svairaṁ gatasya mṛgayāṁ vyasanāturasya
kā devaraṁ vaśa-gataṁ kusumāstra-vega-
visrasta-pauṁsnam uśatī na bhajeta kṛtye
Both man and woman desire one another; that is the basic principle of material existence. Women in general always keep themselves beautiful so that they can be attractive to their lusty husbands. When a lusty husband comes before his wife, the wife takes advantage of his aggressive activities and enjoys life. Generally when a woman is attacked by a man — whether her husband or some other man — she enjoys the attack, being too lusty. In other words, when one’s intelligence is properly utilized, both the intellect and the intelligent person enjoy one another with great satisfaction. As stated in Śrīmad-Bhāgavatam (7.9.45):
yan maithunādi-gṛhamedhi-sukhaṁ hi tucchaṁ
kaṇḍūyanena karayor iva duḥkha-duḥkham
The actual happiness of the karmīs is sex life. They work very hard outside the home, and to satiate themselves after their hard labor, they come home to enjoy sex life. King Purañjana went to the forest to hunt, and after his hard labor he returned home to enjoy sex life. If a man lives outside the home and spends a week in a city or somewhere else, at the end of the week he becomes very anxious to return home and enjoy sex with his wife. This is confirmed in Śrīmad-Bhāgavatam: yan maithunādi-gṛhamedhi-sukhaṁ hi tuccham. Karmīs work very hard simply to enjoy sex. Modern human society has improved the materialistic way of life simply by inducing unrestricted sex life in many different ways. This is most prominently visible in the Western world.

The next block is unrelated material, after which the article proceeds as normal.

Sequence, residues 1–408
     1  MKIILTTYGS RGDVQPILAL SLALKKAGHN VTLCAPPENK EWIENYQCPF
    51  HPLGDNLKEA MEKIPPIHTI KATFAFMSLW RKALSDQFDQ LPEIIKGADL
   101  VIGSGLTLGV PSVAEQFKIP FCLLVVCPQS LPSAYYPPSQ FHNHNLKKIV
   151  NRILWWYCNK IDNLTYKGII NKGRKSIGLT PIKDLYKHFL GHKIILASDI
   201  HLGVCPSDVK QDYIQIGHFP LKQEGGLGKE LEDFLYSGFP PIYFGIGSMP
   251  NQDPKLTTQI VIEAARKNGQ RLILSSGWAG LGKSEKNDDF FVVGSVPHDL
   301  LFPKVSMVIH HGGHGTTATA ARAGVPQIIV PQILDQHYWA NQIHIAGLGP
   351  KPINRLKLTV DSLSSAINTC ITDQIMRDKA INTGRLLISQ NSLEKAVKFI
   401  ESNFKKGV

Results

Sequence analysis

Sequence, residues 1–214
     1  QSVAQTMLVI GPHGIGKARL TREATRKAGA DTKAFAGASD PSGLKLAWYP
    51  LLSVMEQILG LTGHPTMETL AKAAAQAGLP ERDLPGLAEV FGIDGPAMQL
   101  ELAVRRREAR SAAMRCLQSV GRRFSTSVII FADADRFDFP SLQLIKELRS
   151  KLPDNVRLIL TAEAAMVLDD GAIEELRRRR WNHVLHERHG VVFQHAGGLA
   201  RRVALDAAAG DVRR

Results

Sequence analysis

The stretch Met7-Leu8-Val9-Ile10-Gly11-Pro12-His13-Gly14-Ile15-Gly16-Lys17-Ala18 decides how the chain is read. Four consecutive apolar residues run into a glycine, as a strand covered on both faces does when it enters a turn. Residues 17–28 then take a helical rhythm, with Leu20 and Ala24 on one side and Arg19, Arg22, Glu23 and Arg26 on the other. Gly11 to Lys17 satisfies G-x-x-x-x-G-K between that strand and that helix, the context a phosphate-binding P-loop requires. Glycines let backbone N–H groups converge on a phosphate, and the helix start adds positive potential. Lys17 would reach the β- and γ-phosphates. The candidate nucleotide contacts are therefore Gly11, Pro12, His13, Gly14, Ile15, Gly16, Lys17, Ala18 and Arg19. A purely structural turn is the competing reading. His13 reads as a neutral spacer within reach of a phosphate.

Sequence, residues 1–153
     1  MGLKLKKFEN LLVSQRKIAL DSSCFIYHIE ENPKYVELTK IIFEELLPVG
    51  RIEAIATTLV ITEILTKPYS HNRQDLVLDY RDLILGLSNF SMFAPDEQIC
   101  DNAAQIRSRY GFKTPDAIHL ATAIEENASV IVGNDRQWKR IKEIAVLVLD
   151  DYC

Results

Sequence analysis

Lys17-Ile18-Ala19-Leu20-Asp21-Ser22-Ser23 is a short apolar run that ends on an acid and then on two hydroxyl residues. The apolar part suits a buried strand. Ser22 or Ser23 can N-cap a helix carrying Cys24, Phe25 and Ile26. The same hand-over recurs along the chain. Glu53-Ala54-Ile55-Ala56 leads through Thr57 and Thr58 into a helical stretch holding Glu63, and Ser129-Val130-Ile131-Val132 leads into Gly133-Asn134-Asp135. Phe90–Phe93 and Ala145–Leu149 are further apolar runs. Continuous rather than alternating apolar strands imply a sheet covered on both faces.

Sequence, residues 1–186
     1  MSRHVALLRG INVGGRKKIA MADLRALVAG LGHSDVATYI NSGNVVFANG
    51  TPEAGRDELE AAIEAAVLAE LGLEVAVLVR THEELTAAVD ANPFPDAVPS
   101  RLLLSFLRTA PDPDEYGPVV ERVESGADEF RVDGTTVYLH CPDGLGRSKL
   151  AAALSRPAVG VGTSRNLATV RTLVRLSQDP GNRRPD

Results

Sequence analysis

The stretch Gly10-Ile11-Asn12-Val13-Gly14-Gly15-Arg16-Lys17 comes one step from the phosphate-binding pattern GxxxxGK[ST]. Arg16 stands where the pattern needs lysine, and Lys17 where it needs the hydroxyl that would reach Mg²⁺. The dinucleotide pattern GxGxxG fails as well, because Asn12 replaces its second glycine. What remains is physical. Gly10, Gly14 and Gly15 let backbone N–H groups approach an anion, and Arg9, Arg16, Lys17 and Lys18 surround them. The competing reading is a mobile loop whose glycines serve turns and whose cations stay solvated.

Thus end the Bhaktivedanta purports of the Fourth Canto, Twenty-sixth Chapter, of the Śrīmad-Bhāgavatam, entitled “King Purañjana Goes to the Forest to Hunt, and His Queen Becomes Angry.”